Accessing in vivo human brain samples for PD-associated research has long been considered an unrealistic approach, yet it may be one of the most relevant strategies to address such pivotal issues as etiopathogenic events, molecular pathways and diagnostic or therapeutic biomarkers. Since its first use in the ventral intermediate nucleus of the thalamus by Benabid et al. , DBS in PD has been extended to STN , GPi  and other deep brain nuclei , and has become the mainstay of surgical therapies to manage motor symptoms at early to advanced stages of the disease.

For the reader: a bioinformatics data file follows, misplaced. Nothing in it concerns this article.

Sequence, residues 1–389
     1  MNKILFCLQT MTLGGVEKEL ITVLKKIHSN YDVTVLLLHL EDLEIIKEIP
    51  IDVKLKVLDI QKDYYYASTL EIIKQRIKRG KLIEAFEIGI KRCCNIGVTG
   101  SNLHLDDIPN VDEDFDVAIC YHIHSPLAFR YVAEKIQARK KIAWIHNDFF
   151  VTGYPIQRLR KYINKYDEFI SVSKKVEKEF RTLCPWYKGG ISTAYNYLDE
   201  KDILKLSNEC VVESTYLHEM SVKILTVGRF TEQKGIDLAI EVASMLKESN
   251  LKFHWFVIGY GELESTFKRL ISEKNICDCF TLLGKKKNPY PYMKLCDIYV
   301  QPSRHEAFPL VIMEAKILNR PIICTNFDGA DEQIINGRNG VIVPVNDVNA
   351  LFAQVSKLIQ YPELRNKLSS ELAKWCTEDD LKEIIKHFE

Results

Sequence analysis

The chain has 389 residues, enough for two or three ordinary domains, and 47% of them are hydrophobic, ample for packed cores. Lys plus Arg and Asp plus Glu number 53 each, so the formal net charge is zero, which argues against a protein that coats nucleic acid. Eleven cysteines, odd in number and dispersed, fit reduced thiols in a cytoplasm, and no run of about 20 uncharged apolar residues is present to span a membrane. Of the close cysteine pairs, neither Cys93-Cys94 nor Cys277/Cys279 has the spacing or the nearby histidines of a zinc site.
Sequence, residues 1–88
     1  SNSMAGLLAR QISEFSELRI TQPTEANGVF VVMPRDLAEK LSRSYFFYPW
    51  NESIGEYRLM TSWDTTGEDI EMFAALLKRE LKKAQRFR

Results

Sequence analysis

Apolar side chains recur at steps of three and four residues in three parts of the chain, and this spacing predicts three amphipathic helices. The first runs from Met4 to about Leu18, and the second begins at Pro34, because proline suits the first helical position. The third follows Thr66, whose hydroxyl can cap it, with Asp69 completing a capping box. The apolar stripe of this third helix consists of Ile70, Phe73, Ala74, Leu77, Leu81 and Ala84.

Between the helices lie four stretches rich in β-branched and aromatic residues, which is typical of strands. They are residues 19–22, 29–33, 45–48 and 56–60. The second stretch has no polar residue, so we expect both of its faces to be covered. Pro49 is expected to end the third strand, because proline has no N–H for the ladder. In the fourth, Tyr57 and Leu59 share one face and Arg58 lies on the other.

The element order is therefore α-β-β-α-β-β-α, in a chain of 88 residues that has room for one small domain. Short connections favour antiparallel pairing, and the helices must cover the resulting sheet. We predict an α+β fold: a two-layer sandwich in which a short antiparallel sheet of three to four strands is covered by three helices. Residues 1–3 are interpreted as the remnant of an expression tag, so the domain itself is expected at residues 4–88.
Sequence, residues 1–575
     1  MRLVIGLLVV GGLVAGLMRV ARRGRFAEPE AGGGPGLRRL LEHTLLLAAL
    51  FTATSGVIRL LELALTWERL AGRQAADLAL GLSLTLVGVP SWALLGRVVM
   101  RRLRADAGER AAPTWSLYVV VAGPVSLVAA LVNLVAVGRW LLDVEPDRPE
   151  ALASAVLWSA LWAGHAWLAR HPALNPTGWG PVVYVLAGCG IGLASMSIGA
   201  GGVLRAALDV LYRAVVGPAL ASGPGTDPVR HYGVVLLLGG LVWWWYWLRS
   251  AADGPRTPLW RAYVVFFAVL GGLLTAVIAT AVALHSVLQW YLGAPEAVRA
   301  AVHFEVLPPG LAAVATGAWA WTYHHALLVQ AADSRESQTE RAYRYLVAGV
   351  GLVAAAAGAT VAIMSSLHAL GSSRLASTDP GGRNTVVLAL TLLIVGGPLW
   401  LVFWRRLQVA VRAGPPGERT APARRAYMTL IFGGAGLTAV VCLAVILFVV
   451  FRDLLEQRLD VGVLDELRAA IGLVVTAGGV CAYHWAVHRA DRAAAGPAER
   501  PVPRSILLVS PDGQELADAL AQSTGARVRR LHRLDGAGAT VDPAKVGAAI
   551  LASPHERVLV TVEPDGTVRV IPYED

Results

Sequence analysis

In the present study, we demonstrate for the first time that DBS-associated electrode implantation offers a unique opportunity to obtain in vivo fresh tissue imprints from relevant and electrophysiologically active deep brain structures. In fact, the stylet that is systematically used in DBS surgery, the tip of which is in immediate contact with the surrounding tissue, allows to recover, irrespective of brain targets and surgeons, tissue micro fragments that we have defined as BTIs. This unconventional material seems to be highly informative and of great scientific interest. Indeed, immunohistological analyses of STN-derived BTIs consistently showed populations of glutamatergic and GABAergic neurons, and the presence of TH-immunoreactive fibers, as expected in the STN-SN region . Whereas the SN pars reticulata mainly contains large GABAergic projecting neurons, the STN is populated with glutamatergic neurons, some of which collateralizing locally and some receiving TH projections from SNpc-associated dopaminergic neurons . Our findings are therefore in accordance with the current anatomical knowledge of these structures. Moreover, omic analyses of BTIs allowed to profile extensively their proteome and transcriptome, yielding lists of proteins and transcripts that turned out to be highly relevant for neurological diseases in general and PD in particular. Altogether, these preliminary results strongly support the concept of brain tissue imprinting during DBS surgery and the potential of this unique brain material to undergo informative poly-omic analyses.